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Gays in Mississippi, fighting for rights, feel left behind as much of country accepts marriage

Jenna Lockwood was hugged by her sister, Jessica, after she and Kristen Welch were denied a marriage license.
Jenna Lockwood was hugged by her sister, Jessica, after she and Kristen Welch were denied a marriage license.Sean Gardner for The Boston Globe

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POPLARVILLE, Miss — Heartened as they were by last month’s Supreme Court decision recognizing same-sex marriage on the federal level, gay couples in the heart of Dixie say their joy at the country’s progress is bittersweet.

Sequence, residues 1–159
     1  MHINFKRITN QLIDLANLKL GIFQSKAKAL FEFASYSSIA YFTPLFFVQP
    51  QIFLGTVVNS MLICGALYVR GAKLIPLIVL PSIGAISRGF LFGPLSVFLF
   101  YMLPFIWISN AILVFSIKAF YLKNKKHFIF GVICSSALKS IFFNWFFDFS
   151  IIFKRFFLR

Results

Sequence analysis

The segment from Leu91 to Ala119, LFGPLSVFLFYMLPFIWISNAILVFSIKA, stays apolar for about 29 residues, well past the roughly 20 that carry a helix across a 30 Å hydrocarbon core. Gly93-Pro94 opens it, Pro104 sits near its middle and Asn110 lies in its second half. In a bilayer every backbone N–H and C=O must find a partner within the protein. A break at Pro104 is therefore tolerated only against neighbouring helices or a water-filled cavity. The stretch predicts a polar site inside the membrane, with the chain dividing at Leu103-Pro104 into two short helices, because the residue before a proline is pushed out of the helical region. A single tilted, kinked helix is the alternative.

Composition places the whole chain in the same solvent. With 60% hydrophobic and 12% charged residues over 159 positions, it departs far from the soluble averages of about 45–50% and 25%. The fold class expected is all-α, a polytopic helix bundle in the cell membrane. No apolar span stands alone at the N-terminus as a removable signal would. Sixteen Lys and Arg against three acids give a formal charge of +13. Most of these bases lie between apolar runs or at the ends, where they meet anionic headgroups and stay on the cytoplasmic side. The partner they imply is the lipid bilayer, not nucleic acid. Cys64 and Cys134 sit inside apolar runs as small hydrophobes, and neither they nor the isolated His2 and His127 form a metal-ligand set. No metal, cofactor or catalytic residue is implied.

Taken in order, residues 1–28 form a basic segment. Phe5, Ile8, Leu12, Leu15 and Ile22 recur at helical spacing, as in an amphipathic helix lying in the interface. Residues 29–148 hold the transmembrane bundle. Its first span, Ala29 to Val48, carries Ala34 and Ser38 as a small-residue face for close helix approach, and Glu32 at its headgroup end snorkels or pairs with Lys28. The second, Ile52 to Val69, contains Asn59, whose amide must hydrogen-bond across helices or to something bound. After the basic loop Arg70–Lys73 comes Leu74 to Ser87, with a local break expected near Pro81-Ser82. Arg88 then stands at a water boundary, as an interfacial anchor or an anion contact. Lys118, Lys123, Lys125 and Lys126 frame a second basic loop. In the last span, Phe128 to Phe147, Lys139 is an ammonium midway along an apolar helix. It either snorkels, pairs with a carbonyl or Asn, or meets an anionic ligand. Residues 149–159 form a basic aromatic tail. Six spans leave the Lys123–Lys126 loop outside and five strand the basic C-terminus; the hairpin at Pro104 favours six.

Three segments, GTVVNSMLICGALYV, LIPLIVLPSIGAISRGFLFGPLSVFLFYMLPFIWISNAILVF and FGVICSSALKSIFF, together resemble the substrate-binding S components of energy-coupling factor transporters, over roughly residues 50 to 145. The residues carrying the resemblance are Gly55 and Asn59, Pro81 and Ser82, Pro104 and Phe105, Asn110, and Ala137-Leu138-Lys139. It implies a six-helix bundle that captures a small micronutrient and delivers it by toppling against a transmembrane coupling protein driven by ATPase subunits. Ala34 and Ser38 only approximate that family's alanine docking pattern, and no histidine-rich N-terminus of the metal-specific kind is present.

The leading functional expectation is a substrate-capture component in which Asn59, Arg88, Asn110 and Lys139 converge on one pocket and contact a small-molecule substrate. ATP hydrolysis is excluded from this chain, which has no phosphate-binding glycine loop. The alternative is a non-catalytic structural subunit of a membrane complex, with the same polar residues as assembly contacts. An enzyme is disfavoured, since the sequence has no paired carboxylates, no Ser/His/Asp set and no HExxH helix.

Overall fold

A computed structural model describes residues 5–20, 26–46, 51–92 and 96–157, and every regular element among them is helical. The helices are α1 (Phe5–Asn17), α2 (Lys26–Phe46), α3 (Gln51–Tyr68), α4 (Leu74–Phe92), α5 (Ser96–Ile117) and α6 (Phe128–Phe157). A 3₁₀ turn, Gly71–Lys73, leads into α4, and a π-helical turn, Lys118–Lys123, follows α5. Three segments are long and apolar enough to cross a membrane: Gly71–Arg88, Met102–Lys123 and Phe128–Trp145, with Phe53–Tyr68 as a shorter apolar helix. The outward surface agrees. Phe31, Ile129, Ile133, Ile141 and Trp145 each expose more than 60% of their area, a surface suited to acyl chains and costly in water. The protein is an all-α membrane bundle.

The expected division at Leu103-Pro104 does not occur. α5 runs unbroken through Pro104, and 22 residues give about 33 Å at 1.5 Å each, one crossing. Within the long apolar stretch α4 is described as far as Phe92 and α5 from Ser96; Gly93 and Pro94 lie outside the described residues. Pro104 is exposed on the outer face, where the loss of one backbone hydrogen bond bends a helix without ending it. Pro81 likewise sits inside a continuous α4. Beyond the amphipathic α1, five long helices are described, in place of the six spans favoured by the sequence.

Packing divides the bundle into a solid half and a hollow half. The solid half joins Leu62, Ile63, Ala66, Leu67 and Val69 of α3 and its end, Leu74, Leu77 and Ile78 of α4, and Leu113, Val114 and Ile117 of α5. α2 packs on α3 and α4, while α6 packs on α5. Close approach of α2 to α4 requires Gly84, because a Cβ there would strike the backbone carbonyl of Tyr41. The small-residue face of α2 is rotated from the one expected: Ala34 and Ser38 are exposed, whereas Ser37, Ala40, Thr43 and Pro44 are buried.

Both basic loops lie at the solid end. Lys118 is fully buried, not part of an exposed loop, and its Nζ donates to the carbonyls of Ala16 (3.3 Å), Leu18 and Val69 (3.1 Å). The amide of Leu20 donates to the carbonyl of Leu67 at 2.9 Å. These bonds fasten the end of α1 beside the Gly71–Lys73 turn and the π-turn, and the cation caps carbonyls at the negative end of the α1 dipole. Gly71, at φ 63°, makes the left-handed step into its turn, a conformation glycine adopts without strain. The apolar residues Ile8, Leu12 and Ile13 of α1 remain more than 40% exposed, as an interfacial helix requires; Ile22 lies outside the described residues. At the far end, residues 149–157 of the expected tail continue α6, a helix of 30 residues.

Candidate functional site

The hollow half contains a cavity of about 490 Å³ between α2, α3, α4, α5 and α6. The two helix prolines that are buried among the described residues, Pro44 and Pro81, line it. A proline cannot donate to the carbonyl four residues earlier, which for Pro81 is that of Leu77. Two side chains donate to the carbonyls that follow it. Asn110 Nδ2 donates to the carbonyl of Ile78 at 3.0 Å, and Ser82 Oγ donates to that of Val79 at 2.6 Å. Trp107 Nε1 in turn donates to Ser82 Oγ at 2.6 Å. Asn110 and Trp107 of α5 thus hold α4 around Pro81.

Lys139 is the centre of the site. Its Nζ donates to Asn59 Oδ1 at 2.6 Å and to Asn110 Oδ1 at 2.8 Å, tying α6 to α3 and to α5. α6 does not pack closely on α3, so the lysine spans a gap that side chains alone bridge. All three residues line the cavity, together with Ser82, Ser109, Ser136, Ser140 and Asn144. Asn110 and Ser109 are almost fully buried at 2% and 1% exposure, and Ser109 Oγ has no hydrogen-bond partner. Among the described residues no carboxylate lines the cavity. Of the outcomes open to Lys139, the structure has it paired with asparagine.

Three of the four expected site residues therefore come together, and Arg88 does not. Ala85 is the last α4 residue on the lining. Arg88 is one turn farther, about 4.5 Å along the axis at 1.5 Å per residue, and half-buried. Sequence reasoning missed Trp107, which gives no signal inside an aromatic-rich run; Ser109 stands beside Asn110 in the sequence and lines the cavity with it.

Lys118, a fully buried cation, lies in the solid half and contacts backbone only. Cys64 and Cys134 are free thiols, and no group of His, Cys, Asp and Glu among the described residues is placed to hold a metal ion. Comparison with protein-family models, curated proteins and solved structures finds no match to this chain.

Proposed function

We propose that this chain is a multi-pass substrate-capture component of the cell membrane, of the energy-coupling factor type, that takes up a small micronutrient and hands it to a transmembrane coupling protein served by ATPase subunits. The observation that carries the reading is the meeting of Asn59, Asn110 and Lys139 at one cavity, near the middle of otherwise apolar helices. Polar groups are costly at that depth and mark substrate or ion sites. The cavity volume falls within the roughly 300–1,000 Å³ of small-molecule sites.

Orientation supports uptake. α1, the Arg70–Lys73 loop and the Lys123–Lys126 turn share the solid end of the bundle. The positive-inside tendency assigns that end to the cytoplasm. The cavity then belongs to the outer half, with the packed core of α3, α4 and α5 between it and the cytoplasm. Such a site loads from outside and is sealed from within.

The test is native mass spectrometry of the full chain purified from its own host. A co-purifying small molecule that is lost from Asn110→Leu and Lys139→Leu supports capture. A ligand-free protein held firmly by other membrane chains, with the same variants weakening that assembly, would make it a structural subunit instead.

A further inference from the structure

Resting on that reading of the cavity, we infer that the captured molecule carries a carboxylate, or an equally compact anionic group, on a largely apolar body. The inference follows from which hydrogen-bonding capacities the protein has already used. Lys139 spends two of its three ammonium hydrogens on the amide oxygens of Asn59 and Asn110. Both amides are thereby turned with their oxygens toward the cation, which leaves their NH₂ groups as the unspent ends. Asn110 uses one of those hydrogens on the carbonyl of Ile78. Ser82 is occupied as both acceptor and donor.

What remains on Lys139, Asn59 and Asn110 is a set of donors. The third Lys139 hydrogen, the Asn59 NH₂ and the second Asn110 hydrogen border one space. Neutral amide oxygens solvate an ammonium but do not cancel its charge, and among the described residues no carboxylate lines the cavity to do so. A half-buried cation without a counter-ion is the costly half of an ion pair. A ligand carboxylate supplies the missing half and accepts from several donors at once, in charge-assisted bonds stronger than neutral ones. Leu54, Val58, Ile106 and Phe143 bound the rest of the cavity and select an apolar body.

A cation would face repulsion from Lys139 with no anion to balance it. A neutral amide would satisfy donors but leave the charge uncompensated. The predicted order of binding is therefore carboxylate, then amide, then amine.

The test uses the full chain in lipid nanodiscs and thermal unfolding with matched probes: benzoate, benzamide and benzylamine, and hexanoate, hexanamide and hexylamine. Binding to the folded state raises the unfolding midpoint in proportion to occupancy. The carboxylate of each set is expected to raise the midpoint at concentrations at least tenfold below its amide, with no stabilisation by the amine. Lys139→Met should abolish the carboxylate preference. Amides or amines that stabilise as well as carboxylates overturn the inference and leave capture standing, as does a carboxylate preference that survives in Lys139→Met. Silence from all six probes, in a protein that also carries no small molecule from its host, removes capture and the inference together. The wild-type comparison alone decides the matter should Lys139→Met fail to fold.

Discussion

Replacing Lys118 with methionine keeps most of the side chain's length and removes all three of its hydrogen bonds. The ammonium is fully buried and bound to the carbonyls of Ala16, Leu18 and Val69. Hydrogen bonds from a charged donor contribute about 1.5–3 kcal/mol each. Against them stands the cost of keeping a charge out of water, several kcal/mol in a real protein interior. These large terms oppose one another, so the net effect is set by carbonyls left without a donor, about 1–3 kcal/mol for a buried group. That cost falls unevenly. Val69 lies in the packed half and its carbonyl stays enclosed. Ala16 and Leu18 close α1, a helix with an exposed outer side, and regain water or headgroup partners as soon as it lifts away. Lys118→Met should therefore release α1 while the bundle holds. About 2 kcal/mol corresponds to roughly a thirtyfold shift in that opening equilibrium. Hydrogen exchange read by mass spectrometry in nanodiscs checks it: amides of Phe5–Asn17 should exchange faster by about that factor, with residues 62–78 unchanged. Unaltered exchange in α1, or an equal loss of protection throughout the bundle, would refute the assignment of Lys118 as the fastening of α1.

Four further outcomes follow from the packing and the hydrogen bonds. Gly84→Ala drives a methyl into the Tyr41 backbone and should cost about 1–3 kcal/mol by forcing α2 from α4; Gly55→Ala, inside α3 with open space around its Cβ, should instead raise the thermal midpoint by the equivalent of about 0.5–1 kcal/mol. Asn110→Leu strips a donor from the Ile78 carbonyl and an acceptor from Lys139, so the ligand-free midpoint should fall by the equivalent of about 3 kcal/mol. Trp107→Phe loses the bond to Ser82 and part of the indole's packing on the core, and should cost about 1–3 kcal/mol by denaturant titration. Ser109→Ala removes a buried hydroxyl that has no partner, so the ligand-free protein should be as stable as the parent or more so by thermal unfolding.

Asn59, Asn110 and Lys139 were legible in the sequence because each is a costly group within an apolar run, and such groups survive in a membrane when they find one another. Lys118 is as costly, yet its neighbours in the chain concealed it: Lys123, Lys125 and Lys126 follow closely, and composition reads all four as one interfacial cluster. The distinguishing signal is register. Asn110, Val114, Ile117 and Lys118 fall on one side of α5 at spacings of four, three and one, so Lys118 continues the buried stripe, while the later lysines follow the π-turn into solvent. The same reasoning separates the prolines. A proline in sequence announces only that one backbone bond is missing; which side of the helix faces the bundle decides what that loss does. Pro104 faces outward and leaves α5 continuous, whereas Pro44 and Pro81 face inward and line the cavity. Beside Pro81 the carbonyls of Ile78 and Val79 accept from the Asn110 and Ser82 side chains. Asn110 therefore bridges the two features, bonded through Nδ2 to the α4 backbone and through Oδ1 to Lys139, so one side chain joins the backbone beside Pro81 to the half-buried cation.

Across the South — home to a third of the country’s gays and lesbians and where gay marriage is universally banned — they say they are still relegated to living in the shadows as second-class citizens, trapped behind a web of state laws and hostile political and religious attitudes.

But instead of being written off as a lost cause, Mississippi and other southern states remain the focus of grass-roots gay rights campaigns. Among them is one organized by a Harvard-trained minister and heavily funded by a Jamaica Plain church.

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